The Steampunk Family

Steampunk Family is a great resource and inspiration to creative families everywhere. They call themselves the von Hedwig Family, and have created steampunk personas to go with their fun lifestyle of turning junk into steampunk, creating an adventure serial, cool DIY turtorials, traveling to conventions to share their know-how, and providing resources so anyone can be steampunk now.

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I asked Anne-Marie York (aka Hera von Hedwig) who is the mom and keeper of the Steampunk Family website, a few questions:

When did you personally become fascinated with the Steampunk world? Did you meet your husband before or after this obsession began?
Considering that Jules Verne was writing 150 years ago, and the term steampunk was coined over 30 years ago, I came rather late to the genre. Like so many other steampunks, the obsession started before I knew there was a word for it, or other people likewise obsessed. Of course, once we figured out there was a wide world of steampunks out there, we became drastically more interested. One of the most captivating things about it is all the amazing projects people are doing, the fantastic art and stories and costumes and the creation of culture. It’s not dictated by anyone, it has the vaguest of principles, it is wide open to creative whim.

My husband and I will shortly celebrate our twentieth wedding anniversary, and we met many years before that. Our relationship predates our steampunk endeavors, but we have always made things (often out of nothing because that’s what we had) and always been more drawn to growing culture than consuming prepackaged culture.

In the Author’s Note, you imply that this entire family endeavor began from telling bedtime stories about “a family of Edwardian mad scientists, who live in an airship and have amazing adventures.” Did the traveling about to different conventions and bringing Steampunk into your daily lives come after these stories?
I started telling the stories to my kids years ago. When we went on vacation with friends, and all their kids heard the stories and wanted to be in them as well, that’s when I realized the stories had broader appeal, and bowed to my husband’s encouragement to put them on the web. In some ways, the website and stories are a collaborative effort. The kids I write about make art for the site, and whenever I get stuck in the narrative, I read out loud to the family and they have fantastic ideas about what their characters do. And of course, my husband Phineas contributes hugely, in art and projects and moral support!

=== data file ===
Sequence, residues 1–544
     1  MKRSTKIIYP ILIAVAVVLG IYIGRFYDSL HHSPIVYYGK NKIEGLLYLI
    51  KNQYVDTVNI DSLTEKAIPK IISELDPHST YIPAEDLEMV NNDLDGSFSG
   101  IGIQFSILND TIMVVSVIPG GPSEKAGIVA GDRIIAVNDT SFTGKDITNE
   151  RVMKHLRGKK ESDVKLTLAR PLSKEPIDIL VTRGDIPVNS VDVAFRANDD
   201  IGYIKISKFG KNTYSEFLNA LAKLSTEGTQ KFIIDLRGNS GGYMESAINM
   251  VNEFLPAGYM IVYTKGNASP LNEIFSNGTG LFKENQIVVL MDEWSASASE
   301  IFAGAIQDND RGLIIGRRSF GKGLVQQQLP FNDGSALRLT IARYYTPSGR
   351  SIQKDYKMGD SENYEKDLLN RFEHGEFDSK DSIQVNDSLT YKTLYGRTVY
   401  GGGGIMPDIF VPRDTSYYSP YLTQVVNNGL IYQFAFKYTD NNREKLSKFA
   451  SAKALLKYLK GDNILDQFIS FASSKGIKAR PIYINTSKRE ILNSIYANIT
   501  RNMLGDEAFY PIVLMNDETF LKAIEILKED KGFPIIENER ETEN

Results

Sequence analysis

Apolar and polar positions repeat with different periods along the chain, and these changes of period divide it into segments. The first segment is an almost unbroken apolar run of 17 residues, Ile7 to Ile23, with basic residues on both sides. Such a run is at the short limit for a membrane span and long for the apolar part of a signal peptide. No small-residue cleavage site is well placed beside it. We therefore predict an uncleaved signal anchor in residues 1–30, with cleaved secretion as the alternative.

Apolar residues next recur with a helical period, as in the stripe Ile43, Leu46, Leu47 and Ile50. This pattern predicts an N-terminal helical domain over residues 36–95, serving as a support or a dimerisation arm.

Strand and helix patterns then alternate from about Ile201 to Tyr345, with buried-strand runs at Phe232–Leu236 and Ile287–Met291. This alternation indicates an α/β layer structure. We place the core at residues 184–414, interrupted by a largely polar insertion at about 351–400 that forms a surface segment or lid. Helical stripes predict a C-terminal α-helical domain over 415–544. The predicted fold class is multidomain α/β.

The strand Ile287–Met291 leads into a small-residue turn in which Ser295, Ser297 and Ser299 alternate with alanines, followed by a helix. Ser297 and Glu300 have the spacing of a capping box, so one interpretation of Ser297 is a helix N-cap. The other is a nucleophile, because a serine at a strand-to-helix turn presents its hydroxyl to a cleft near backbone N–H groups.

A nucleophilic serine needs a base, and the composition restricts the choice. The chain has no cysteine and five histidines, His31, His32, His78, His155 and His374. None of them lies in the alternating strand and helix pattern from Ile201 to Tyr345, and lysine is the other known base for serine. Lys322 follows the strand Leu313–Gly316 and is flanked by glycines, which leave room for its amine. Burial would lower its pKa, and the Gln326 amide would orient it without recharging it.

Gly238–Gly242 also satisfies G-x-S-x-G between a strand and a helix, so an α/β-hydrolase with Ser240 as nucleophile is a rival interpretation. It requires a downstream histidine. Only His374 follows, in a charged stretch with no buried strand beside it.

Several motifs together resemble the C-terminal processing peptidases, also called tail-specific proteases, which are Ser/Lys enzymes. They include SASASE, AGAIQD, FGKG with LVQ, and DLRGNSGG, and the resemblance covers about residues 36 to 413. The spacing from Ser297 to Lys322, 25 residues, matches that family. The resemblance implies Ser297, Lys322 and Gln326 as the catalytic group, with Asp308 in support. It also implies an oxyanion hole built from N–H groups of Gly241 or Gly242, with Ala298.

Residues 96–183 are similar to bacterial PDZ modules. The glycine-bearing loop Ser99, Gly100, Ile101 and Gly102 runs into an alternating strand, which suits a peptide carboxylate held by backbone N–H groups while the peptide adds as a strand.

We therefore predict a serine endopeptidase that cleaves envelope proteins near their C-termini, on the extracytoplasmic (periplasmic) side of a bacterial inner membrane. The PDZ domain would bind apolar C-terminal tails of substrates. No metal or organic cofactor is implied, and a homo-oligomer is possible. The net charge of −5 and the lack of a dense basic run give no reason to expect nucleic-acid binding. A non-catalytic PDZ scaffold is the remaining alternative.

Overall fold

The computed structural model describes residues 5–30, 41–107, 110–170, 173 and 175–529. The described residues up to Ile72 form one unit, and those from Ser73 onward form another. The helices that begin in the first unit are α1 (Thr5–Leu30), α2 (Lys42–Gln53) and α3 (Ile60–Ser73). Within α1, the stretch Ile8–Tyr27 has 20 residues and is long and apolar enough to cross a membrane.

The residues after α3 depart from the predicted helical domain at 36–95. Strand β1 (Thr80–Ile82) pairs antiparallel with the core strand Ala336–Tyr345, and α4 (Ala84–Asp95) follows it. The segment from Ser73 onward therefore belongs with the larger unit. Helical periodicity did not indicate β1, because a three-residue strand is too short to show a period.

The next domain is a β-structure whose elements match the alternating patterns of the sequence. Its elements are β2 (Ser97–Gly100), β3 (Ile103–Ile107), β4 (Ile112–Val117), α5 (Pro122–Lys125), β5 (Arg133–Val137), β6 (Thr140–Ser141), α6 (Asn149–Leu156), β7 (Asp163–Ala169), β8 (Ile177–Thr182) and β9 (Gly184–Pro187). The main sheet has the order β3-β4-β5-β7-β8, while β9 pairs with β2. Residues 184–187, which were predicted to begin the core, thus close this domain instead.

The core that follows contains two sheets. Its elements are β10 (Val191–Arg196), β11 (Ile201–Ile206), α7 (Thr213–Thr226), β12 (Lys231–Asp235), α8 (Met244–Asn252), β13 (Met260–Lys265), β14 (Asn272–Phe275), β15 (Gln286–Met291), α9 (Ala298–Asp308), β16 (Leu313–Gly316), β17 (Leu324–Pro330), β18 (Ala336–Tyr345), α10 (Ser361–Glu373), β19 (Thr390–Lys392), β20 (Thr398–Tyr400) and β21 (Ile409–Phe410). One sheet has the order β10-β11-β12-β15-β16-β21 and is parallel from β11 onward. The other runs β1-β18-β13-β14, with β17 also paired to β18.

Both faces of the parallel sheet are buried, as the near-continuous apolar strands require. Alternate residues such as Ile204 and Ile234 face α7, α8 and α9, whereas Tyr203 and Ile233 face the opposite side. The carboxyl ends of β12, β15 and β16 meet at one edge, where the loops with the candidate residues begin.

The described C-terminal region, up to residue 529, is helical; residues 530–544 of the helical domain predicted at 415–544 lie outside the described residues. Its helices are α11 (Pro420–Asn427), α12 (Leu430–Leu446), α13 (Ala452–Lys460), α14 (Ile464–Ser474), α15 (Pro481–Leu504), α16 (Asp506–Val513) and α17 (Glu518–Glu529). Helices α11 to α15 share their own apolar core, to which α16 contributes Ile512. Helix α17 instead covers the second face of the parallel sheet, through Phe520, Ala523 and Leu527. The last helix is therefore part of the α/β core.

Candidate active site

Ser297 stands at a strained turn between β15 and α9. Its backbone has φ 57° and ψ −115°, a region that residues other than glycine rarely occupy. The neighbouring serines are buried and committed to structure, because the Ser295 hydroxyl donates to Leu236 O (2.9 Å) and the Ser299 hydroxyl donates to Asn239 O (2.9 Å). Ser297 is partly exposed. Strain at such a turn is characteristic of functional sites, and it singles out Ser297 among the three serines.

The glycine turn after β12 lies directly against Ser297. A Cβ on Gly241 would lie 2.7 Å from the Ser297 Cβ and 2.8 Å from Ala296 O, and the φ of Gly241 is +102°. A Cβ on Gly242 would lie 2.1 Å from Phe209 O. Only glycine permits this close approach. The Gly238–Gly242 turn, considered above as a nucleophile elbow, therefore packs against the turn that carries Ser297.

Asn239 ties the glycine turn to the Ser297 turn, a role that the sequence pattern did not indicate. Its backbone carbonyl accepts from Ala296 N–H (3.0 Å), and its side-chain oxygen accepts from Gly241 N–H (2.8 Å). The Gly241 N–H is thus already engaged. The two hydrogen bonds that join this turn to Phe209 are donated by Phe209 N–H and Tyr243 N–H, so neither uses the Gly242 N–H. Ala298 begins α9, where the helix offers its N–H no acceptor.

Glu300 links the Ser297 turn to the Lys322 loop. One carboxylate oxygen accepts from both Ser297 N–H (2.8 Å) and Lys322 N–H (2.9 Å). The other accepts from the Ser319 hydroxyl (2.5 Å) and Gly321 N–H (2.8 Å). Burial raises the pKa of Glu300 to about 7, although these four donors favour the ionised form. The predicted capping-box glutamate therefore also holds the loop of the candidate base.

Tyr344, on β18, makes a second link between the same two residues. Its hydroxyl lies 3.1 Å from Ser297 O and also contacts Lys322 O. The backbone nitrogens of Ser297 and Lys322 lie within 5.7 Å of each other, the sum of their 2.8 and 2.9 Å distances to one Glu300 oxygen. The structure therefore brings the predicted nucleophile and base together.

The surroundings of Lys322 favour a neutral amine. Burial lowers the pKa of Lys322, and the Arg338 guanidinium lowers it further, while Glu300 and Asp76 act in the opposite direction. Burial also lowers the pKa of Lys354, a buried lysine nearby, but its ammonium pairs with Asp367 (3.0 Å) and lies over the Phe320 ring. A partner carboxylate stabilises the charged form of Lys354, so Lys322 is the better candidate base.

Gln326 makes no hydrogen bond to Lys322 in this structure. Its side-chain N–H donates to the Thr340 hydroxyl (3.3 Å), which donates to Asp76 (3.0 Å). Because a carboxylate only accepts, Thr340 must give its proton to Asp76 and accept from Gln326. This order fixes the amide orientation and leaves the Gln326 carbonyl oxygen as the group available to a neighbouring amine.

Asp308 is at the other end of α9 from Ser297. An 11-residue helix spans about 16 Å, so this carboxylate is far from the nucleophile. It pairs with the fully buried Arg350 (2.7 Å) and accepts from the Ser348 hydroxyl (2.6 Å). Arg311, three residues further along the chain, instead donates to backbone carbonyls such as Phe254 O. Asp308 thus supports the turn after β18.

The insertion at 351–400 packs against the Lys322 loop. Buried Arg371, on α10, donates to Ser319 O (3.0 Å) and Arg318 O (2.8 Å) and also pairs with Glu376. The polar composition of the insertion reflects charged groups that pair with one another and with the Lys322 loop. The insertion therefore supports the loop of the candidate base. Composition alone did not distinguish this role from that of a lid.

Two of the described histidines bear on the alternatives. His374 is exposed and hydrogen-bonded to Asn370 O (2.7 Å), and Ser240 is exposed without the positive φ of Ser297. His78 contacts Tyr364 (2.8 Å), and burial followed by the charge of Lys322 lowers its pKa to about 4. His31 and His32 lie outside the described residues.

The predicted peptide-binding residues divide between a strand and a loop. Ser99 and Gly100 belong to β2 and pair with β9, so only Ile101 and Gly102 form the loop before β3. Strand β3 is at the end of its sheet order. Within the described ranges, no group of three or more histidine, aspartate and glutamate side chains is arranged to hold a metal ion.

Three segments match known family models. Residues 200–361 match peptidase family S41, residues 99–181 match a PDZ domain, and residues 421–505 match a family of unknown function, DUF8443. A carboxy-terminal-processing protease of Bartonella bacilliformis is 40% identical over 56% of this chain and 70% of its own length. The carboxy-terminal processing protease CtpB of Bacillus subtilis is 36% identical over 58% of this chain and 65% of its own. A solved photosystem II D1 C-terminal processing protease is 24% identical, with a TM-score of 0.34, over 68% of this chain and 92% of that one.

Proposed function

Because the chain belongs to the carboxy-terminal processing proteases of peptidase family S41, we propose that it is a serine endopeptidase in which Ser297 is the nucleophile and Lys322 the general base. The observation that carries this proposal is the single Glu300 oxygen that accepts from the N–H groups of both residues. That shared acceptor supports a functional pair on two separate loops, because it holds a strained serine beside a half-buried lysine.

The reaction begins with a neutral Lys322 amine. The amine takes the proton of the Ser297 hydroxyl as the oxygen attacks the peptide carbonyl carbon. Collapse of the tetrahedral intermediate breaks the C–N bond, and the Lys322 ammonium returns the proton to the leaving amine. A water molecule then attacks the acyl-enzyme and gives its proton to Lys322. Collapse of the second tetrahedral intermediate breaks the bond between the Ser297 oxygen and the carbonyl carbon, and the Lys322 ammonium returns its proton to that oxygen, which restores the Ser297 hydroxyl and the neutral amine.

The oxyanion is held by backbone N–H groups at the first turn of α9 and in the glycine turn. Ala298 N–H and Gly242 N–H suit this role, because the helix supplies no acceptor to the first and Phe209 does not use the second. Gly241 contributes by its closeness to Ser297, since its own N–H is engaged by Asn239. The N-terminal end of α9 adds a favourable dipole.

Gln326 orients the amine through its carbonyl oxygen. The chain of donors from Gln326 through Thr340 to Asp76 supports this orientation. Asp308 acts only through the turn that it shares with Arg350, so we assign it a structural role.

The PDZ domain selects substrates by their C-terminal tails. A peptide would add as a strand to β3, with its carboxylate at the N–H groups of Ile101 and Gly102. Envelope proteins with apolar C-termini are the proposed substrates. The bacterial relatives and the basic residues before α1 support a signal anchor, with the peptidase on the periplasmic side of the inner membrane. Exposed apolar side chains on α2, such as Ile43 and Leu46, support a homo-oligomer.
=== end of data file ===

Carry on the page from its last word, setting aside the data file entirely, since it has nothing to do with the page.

Phineas and I both attended conventions in our nefarious youth, but bringing the kids is new. They’re old enough to enjoy it now, they love dressing up, and have even started speaking on panels already! As for steampunk in our daily lives, we have always embraced reusing and repurposing material culture (stuff). We built an outdoor room almost entirely out of things other people threw away – walls, fireplace, lighting, plants, everything but nails and mortar, really. So discovering steampunk just gave us a unifying theme for things we already did – giving daily function beauty on a budget. Now we have an excuse to dress better when we do it.

How has your children’s lives been impacted by your travels (on a daily level and a general upbringing level?)
This year has been a bit crazy, and we intend to schedule more sanely next year. More travel during the summer, if possible. The hectic pace benefits no one, and gets in the way of making more neat stuff. And we try to do a variety of things with our kids, have different kinds of adventures, not just steampunk-related trips. One benefit of steampunk and travel is that we all play together. This is a hobby we share as a family and with friends old and new. (But most of our pastimes are!) Another benefit is that when I was 12 I could barely meet an adult’s eye, much less converse sensibly. My kids can hold their own with all kinds of people.

We believe you should raise children to be adults you want to spend time with. Our kids learn and explore and gain independence and confidence when we travel, and I’m all for that. Their fictional counterparts in my stories survive dreadful dangers. Although I never want my children to experience kidnappers or yeti, I want them to handle whatever they encounter.

The idea of reusing what is already around us to make beautiful functional things comes across clearly. What is one thing you think any family (into Steampunk or not) can take from your example?
Although Phineas would love to make one of those fabulous Datamancer type keyboards, that’s a bit our of our reach. So he went down to the antique/junk shop and found a gutted Victrola case. In it he put our entertainment computer (with all the music and movies on it), the Wii and games. When you close the lid it’s a beautiful piece of carved wooden furniture from another century. When you open it, there’s Doctor Who.

The Victorian artist William Morris said “Have nothing in your house that you do not know to be useful, or believe to be beautiful”. We wholeheartedly follow that advice. But why not both? Surround yourself with things both lovely and functional whenever you can. We encourage people to start small, think about what you have already, make your beauty and function affordable and attainable. One of the simplest fixes we did was to decant the giant bottle of mouthwash in our bathroom into a discarded Patron bottle we pulled from the town recycling bin. Now there is beauty where there once was plastic and advertising.